March 05, 2002 --- Vol. 8, No. 24March 2002

EIA official says U.S. not counting on Alaska gas to meet rising demand

United States gas consumption is likely to rise 48 percent by 2020, but Alaska gas isn't being counted on to help meet that demand, said a senior official with the U.S. Energy Information Administration.

The EIA's annual energy outlook doesn't factor in a proposed pipeline from Alaska's North Slope unless gas prices rise substantially, James Kendall, director of the EIA's oil and gas forecasting and analysis division, told a Calgary conference March 4.

He said the EIA assumes gas prices will have to reach $3.50 per thousand cubic feet, and remain there for three to four years to make an Alaska Highway pipeline viable.

"The pattern of pricing is really crucial," said Kendall.

He said the EIA expects demand will rise by 2 percent a year, despite last year's slump of 4.8 percent due to the economic slowdown and a price spike of $10 per thousand cubic feet.

The bulk of the new supplies will come from the Gulf of Mexico and non-conventional sources, such as coalbed methane, Kendall said, adding that Canada is expected to meet about 15 percent of U.S. consumption, the same level as in 2000.

Robert Daniels, president of Anadarko Canada Corp., said the fall in gas prices over the past year is the result of a "perfect storm of low commodity prices.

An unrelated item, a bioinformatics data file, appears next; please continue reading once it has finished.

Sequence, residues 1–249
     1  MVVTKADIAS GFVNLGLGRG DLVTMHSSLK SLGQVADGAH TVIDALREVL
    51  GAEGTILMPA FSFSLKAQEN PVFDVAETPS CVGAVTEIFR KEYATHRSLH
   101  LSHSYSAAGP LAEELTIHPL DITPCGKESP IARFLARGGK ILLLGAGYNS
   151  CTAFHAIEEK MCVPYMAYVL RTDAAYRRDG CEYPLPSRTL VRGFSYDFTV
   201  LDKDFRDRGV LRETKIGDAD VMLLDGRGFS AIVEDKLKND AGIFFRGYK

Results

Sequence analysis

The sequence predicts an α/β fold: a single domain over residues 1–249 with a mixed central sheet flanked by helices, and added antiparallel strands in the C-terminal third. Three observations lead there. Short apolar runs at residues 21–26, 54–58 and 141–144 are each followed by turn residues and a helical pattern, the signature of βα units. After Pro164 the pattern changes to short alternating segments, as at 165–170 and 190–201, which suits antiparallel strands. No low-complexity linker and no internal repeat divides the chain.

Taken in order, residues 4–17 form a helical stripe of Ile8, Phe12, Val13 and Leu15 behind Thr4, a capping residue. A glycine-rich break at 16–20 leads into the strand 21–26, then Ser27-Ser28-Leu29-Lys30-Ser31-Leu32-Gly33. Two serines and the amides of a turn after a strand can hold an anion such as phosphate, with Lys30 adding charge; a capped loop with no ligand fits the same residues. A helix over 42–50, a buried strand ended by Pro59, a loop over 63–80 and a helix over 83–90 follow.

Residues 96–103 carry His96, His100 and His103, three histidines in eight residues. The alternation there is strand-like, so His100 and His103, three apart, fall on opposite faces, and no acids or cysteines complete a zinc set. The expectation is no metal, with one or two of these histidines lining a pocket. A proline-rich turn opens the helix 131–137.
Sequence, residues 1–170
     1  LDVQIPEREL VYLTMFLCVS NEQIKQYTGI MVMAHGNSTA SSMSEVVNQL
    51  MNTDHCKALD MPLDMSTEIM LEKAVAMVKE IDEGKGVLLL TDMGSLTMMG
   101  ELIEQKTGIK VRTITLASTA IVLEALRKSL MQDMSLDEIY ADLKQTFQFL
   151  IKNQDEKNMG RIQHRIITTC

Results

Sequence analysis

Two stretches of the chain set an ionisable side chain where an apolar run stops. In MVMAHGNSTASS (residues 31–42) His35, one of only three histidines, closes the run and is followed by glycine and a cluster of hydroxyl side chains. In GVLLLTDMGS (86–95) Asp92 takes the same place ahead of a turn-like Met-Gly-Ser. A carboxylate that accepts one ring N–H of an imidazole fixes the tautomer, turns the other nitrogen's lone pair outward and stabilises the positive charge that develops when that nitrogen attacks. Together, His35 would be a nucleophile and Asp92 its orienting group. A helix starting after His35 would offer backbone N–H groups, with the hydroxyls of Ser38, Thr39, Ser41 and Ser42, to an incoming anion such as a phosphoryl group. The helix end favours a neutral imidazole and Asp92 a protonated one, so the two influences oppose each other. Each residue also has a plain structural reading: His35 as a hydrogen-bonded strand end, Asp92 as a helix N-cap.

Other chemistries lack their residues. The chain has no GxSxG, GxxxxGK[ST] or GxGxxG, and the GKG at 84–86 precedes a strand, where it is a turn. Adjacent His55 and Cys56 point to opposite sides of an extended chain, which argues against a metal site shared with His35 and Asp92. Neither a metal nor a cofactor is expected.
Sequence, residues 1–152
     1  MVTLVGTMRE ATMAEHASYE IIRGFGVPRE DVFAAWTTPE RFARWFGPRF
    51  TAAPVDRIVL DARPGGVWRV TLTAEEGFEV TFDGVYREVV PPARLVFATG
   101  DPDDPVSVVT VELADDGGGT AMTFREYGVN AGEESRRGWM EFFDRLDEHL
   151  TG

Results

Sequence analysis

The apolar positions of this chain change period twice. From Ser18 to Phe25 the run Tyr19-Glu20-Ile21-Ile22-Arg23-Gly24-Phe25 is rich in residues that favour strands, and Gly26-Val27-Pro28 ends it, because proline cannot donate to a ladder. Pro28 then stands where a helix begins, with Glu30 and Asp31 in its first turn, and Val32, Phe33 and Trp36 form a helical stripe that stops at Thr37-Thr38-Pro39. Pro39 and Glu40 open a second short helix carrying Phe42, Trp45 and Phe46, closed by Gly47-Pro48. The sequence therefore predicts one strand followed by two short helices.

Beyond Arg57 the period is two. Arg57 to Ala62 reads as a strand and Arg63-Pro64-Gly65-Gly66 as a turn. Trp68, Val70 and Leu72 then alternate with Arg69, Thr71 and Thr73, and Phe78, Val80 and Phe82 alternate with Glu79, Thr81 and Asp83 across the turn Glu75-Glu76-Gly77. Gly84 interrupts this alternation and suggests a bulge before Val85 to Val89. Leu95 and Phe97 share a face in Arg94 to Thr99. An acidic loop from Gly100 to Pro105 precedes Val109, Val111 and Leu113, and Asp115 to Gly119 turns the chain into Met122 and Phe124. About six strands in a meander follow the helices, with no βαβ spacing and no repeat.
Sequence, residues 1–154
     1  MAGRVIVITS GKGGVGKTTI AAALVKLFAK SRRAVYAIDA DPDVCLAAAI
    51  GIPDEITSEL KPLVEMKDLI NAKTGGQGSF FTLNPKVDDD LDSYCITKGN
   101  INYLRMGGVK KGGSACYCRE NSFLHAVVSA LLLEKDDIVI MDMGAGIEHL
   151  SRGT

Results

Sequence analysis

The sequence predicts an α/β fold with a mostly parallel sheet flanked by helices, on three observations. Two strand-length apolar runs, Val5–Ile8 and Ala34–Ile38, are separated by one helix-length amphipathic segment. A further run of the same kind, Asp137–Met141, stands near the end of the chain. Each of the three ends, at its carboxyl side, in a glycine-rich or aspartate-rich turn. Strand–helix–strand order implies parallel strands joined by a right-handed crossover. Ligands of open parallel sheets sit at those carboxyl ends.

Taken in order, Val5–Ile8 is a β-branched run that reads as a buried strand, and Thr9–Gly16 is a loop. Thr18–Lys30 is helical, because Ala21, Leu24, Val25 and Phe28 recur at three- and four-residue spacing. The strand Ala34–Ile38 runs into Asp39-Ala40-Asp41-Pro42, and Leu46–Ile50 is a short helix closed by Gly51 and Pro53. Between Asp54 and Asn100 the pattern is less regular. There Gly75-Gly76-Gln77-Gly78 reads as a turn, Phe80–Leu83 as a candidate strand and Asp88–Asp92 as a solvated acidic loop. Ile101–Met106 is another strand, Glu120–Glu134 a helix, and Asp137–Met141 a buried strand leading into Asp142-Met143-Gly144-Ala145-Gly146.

"Demand will grow and that will support higher prices. We think gas prices will stabilize in the $3 range," he told the conference.

February ANS crude oil production down slightly from January

The North Slope's two newest fields Alpine and Northstar reached production levels at or above capacity during February. But loss of the main compressor at Northstar from Feb. 8 through Feb. 14 decreased output from that field to volumes below 8,000 barrels per day for six days.

Northstar production averaged 36,140 bpd in February, up 1.13 percent from 35,736 bpd January.

BP Exploration (Alaska) spokesman Ronnie Chappell told PNA March 5 that BP has two high-pressure compressors at Northstar. One of the compressors had a mechanical problem and BP was required to take it offline.

"Normally, if we had completed the process of commissioning the field we would have had a second compressor to bring on line in its place," Chappell said, but functional checkout hadn't been completed on the second compressor so it wasn't available to bring into immediate service. Production began from the Northstar field in November.

The second compressor is now up and running and field production has reached rates in excess of 60,000 bpd, Chappell said. "Overall startup has gone very well," he said: "We continue to line out the plant and production from the field has been on track with expectations."

Alpine came online in November 2000 rated for 80,000 bpd but has been de-bottlenecked to handle some 100,000 bpd. The field averaged 98,398 bpd in February, down 2.4 percent from a January average of 100,817 bpd.

Overall North Slope production for February averaged 1,051,894 bpd, down 0.4 percent from a January average of 1,056,222 bpd.

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